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Stone mills in Sylhet


Khasi people, Peying River, 16.02.2020
From India flows a river into northern Bangladesh, which is called Peyign / Goyain . Before that, the river is called Om. One of the features of this river was that it was divided just behind the border and two riverbeds emerged from it. One of the riverbeds is the Dawki and faces west, the other riverbed is called the Peyign and faces east. Since the 1980s, the riverbed of the Dawki has dried up, and only runs full during the rainy season. As a river Dawki is no longer a lifeline for its inhabitants.

Meanwhile, the riverbed of the Peyign is used as a donor of river sand and river stones and is transported halfway across the country as building material. Before river stones can be used as building material, however, they are ground by machines, which cause a high level of dust pollution in the entire area. River sand is a very popular filling material for building foundations so that buildings are safe against the water masses in the rainy seasons.

The Khasi people live at the fork of the Dawki and Peyign rivers and are traditional forest users and burners in the area. The Khasi live in villages scattered in the forests and mainly cultivate betel nut palms and betel leaves, which also have a ritual significance for them. Forest is a dwindling resource in Bangladesh. Therefore, the area for slash-and-burn agriculture, the usual way of farming for many national minorities, is also becoming smaller and smaller.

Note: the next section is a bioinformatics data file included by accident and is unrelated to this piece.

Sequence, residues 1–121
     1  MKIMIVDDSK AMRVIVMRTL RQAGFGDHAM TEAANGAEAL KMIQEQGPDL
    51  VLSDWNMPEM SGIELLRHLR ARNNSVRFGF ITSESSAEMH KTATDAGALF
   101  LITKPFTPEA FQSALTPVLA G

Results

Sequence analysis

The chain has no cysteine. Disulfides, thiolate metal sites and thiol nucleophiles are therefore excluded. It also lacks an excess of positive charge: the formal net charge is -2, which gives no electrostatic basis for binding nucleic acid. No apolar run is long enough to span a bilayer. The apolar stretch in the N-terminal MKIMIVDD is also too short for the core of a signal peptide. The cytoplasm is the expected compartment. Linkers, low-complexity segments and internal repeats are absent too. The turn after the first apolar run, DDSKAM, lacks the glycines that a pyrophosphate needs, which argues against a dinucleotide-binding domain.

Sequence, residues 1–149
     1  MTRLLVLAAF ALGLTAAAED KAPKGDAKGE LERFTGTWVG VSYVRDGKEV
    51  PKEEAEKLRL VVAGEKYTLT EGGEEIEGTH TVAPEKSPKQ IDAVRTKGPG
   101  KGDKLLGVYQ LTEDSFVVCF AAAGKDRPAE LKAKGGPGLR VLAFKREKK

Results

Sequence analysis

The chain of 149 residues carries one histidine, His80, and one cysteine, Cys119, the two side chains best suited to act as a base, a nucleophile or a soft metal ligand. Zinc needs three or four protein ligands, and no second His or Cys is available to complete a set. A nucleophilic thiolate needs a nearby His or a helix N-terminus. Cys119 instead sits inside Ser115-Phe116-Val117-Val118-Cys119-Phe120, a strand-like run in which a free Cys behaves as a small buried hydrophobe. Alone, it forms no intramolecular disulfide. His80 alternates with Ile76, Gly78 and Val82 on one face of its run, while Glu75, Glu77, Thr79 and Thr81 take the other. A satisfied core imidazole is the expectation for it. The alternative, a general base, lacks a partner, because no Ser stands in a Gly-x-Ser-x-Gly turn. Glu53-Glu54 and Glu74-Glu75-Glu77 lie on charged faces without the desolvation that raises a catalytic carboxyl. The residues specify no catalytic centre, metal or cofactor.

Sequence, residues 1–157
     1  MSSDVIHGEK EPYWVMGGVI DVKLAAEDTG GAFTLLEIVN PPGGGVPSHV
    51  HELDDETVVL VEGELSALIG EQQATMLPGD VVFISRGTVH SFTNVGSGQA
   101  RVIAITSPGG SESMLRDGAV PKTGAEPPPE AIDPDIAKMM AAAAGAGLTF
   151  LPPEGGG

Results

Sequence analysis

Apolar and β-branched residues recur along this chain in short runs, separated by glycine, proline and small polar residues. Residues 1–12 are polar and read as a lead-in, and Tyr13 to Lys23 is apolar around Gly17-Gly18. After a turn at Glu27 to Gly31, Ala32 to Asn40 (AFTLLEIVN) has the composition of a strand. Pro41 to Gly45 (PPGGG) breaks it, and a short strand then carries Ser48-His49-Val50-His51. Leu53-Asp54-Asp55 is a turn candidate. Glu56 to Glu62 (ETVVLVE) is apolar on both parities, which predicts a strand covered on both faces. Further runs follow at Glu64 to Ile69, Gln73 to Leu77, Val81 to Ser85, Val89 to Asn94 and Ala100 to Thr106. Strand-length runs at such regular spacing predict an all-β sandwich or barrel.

This leads to shorter and shorter resting periods for agricultural land. These are all within a certain migration radius of the Khasi.
Decades ago, more land was available for slash-and-burn agriculture and rest periods of 8 to 10 years for arable land were common. This has shortened to two to three years due to population pressure, leading to a reduction in the fertility of the soil.
As a result, people are losing their livelihoods and ancestral ways of life have to be abandoned.

Khasi houses resting on pillars, Picture: Claudius Günther, 2020

The Khasi live in villages scattered in the forests and build houses on stilts to protect themselves against the water masses during the rainy season. The floor of these houses is made of bamboo slats, which are obtained when large bamboo trunks are split. A slightly corrugated subfloor is created.
Most Khasi groups are now settled in villages where neighbours no longer share their daily routine but pursue diverse occupations, some as employees in the construction industry or as workers in other occupations. Those who farm now produce betel nut and betel nut leaves in gardens that have become the private property of individual families. The community structure is breaking down, leading to social differences within the Khasi villages. They are losing their commonalities and thus their culture.

Tea gardens in Sylhet, Jafflong valley. Picture: Claudius Günther, 2020

In order to stop the overexploitation of the riverbeds for the construction industry, the region was designated an Ecologically Critical Area (ECA) in 2015. However, nothing has happened so far. However, since the famous tea gardens of Sylhet are also located in the area and they also see themselves affected by the dust input, headwind can perhaps be expected from these financially very powerful tea garden owners.

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